House Republicans plan to hit Deputy Attorney General Rod Rosenstein with a barrage of questions about what they say is an anti-Trump bias at the FBI and Justice Department, in an attack aimed at undermining Special Counsel Robert Mueller’s investigation.
When Rosenstein testifies Wednesday before the House Judiciary Committee, Republicans will be armed with a bill of particulars intended to raise doubts about the motives of those involved in the probe into whether President Donald Trump or associates colluded with Russia to meddle in last year’s election.
Some Republicans are even urging appointment of a second special counsel just to look into allegations that prosecutors and agents favored Trump’s Democratic opponent Hillary Clinton last year, as several congressional inquiries have deteriorated into bitter partisan sniping.
“We continue to see bias against the president and in favor of Mrs. Clinton at the FBI’s and Justice Department’s highest levels,” Republican panel member Matt Gaetz of Florida said.
Rosenstein is expected to say that he continues to stand behind Mueller, a former FBI director, and has confidence in him, according to current and former U.S. officials.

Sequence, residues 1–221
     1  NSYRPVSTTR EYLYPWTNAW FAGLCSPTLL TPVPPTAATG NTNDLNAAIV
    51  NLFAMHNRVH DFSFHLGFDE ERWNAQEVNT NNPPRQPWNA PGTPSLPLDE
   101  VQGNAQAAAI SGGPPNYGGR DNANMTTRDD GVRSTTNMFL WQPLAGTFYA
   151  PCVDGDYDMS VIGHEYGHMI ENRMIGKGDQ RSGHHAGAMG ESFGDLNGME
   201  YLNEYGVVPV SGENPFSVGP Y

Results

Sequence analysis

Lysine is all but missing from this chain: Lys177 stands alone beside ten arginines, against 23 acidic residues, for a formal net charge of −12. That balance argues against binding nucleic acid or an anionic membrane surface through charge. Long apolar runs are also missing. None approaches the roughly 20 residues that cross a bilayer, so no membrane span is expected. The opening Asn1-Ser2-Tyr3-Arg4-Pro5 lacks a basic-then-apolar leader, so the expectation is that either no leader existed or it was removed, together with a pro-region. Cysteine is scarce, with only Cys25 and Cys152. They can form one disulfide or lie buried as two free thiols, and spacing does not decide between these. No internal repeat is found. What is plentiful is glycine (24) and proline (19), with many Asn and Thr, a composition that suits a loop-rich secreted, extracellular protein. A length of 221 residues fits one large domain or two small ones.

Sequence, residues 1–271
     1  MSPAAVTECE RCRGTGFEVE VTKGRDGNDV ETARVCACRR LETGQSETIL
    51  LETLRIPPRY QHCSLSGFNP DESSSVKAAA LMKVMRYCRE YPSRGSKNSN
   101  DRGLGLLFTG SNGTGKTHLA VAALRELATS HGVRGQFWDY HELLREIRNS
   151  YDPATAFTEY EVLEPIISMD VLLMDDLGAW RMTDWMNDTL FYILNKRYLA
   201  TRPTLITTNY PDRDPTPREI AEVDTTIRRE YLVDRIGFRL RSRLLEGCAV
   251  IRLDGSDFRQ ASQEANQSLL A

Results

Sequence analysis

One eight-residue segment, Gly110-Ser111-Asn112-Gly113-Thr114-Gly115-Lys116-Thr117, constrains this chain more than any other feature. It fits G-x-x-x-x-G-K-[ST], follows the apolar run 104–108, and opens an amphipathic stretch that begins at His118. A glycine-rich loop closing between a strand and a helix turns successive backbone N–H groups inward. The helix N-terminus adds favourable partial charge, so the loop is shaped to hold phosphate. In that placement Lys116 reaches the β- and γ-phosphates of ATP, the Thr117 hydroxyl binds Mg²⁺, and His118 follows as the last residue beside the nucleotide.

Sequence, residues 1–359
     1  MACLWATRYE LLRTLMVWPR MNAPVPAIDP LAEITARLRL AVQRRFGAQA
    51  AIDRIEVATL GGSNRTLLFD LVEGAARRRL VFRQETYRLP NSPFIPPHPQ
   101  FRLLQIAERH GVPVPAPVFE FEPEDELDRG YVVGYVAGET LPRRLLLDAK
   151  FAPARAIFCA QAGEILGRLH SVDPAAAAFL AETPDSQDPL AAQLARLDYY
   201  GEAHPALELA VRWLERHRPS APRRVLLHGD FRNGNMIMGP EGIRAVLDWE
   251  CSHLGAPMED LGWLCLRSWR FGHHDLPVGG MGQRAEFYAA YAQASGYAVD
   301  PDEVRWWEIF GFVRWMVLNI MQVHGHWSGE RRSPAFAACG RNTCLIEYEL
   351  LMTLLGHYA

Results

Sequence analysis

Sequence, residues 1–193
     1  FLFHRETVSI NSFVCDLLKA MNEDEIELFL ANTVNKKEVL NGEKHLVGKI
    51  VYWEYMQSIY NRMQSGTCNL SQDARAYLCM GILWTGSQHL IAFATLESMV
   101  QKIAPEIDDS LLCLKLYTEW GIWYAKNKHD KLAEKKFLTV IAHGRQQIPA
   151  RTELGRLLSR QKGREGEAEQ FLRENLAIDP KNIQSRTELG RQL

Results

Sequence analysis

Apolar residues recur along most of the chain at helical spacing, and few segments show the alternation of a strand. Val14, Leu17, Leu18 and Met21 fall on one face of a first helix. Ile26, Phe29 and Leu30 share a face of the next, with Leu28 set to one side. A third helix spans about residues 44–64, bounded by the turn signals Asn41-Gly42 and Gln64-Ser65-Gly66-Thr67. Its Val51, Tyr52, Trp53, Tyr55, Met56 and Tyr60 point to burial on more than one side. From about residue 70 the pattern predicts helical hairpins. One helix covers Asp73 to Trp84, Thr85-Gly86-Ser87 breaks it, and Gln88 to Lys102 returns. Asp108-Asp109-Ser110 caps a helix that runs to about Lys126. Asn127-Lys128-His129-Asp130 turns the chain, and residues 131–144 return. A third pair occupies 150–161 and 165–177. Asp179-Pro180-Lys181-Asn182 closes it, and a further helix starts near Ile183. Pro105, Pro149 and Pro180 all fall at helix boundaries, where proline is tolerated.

But Rosenstein won’t be able to dodge pointed questions about the Russia investigation as easily as current FBI Director Christopher Wray and Attorney General Jeff Sessions did during recent hearings, the officials said. That’s because Rosenstein appointed Mueller and is the only person with the power to fire him or stop parts of his investigation.
“It’s going to be every bit as intense as the Sessions and Wray hearings,” said Representative Jim Jordan, an Ohio Republican and member of the Judiciary Committee. “I’d say even more so because he has direct oversight over Special Counsel Robert Mueller’s investigation.”
Rosenstein named Mueller to lead the investigation in May after Trump fired FBI Director James Comey. Rosenstein had that authority after Sessions recused himself from the investigation because he was a senior adviser in Trump’s election campaign.
Several congressional committees have been looking into aspects of the Russian meddling, which U.S. intelligence agencies have found was intended to hurt Clinton and ultimately help Trump win. But initial efforts to produce consensus have largely dissolved amid partisan maneuvering. Only the Senate Intelligence Committee has managed to maintain a mostly bipartisan agenda.
On the Judiciary Committee, Republicans will push Rosenstein to explain whether a dossier with unverified allegations against Trump, some of them salacious, was used as the sole justification to open the Russia investigation and obtain surveillance warrants under Comey, and whether officials now working for Mueller are politically biased against Trump, Jordan said.
“Mueller’s doing a good job of undermining his own investigation,” Gaetz said. Mueller did that, he said, in part by “fishing from the never-Trump swamp” to staff his investigative team.